U.S. Immigration and Customs Enforcement building in Washington, D.C. Photo: Diego M. Radzinschi/ALM

The sentencing of a corrupt former Immigration and Customs Enforcement special agent on Friday capped a case that reads like a “Narcos” episode.

Christopher V. Ciccione II, 52, a father of six from Phoenixville, Pennsylvania, admitted in a plea agreement that he accepted bribes to arrange the dismissal of a 1996 Miami indictment for Jose Bayron Piedrahita Ceballos, a longtime fugitive drug kingpin whose work dates back to the Cali cartel.

Apparently, all it took was $20,000 in cash, a lavish dinner at the upscale Pesquera Jaramillo restaurant with a Colombian pop star and army colonel, a party at a Bogota Marriott hotel and prepaid prostitutes described as “three divine women,” prosecutors charged.

Piedrahita and fellow Colombian national Juan Carlos Velasco Cano met with Ciccione in Bogota, Colombia, for four days in December 2010, and the case against Piedrahita was dropped in October 2011.

“As a result of Ciccione’s repeated efforts and the resulting motion of the United States Attorney’s Office, U.S. District Judge William M. Hoeveler dismissed the charges … against 18 defendants, including Piedrahita,” according to the 2017 indictment against Ciccione, Piedrahita and Velasco.

Velasco was one of Ciccione’s informants, but federal prosecutors charged the information flowed in both directions. Ciccione disclosed the identities of confidential informants cooperating against Velasco, misled federal prosecutors and changed records in a Department of Homeland Security database to paint Piedrahita as a former suspect in a closed investigation rather than an indicted fugitive.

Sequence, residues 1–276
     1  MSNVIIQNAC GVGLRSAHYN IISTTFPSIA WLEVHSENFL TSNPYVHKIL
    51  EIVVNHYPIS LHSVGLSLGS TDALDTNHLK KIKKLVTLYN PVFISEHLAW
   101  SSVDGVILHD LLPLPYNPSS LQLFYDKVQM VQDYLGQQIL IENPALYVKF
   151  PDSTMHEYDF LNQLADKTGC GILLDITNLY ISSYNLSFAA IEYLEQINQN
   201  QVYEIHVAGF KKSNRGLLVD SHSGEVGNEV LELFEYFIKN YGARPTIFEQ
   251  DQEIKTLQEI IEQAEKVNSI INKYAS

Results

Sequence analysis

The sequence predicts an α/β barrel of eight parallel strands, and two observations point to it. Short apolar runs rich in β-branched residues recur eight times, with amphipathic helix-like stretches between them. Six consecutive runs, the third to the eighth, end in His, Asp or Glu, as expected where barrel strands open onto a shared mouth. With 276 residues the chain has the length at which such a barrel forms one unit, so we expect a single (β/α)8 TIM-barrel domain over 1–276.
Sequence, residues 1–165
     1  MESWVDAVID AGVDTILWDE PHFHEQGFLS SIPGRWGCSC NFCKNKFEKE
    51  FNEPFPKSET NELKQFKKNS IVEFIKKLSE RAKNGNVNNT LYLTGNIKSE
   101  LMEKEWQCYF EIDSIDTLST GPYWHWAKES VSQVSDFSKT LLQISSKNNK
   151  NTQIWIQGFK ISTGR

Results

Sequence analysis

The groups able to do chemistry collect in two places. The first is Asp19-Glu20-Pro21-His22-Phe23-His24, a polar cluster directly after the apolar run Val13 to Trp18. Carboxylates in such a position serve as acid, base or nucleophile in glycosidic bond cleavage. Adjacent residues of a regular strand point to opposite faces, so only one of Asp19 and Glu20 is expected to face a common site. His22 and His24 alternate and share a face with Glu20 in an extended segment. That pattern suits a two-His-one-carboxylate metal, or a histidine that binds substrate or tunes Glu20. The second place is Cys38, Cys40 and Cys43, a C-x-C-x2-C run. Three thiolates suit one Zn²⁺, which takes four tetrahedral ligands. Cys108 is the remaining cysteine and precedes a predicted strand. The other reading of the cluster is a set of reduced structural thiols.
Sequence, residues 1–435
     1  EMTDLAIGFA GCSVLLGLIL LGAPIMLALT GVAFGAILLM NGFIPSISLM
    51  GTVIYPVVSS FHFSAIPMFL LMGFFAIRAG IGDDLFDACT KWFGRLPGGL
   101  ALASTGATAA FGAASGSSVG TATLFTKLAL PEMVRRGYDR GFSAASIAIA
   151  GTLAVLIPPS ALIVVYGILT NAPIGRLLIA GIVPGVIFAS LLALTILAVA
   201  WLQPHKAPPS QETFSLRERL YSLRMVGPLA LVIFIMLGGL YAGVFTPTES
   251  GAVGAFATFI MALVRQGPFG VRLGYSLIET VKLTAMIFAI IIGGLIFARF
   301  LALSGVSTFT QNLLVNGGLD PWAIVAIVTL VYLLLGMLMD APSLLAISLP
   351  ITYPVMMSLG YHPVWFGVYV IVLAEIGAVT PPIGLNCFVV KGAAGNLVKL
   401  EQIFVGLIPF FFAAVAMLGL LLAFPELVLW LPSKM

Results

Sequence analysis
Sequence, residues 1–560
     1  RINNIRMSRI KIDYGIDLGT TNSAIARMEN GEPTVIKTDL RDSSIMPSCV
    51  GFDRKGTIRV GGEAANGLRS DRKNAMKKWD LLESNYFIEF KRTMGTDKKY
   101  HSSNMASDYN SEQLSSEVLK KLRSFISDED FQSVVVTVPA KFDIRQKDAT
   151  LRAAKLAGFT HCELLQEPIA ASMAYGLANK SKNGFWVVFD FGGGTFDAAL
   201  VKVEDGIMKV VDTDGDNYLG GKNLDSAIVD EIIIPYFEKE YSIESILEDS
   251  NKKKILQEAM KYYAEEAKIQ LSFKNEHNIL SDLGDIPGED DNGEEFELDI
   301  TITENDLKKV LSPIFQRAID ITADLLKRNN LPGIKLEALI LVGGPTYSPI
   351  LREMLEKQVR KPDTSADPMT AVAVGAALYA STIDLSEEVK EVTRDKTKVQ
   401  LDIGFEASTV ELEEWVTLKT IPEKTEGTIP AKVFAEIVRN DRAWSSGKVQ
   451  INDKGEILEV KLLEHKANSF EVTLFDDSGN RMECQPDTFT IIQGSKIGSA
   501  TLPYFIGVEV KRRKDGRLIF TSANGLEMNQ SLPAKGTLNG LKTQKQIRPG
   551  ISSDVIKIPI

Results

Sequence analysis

Ciccione persuaded federal officials that Piedrahita was “never positively identified” during the investigation, which flowed from the groundbreaking Operation Cornerstone probe targeting Cali cartel leaders starting in 1991.

Ciccione argued the Piedrahita case should be dismissed because of lack of probable cause for a superseding indictment, the Justice Department said. He also falsely indicated other federal agents agreed with him and attempted to get clearance for Piedrahita and his family to come to the United States.

“Christopher Ciccione abused his law enforcement authority for personal profit,” said Acting Assistant Attorney General Cronan. “His actions not only compromised an ongoing investigation and nearly allowed a dangerous drug kingpin to escape justice, but they also betrayed the public trust placed in him to carry out his sworn duties with integrity.”

U.S. District Judge Robert N. Scola Jr. in Miami sentenced Ciccione to three years in federal prison for honest services fraud conspiracy, which carries a maximum statutory five-year sentence. Ciccione began his career with the Customs Service in 2001 and was based in Miami at the time of his crime. He served previously in the military.

Velasco was sentenced to 27 months in prison on Jan. 17 under his plea agreement.

Piedrahita was arrested last October and remains jailed in Colombia.

The U.S. Department of the Treasury’s Office of Foreign Assets Control named Piedrahita a specially designated narcotics trafficker in May 2016. The listing accused Piedrahita of working for the Cali and North Valley cartels and more recently The Office of Envigado drug organization. A 1997 federal indictment in Virginia charged Piedrahita in a money laundering conspiracy.

ICE’s Office of Professional Responsibility, the DHS Office of Inspector General and the FBI investigated the case.

The Justice Department’s Office of International Affairs and Office of the Judicial Attache in Colombia and the Drug Enforcement Administration assisted with the investigation with support from the Colombian attorney general’s office.

Trial attorneys Luke Cass and Jennifer A. Clarke of the Justice Department’s criminal division’s public integrity section prosecuted the case.

Marc David Seitles of Seitles & Litwin in Miami, who represented Ciccione, was not available for immediate comment. He described his clients situation in a court filing.

“Mr. Ciccione’s reputation has been destroyed, as has his career. He was left on desk duty during the six years of this investigation and deemed persona non grata,” Seitles wrote. “Mr. Ciccione has had to endure far more than the average defendant due to this ongoing investigation, yet he now faces a similar fate of significant time in federal prison.”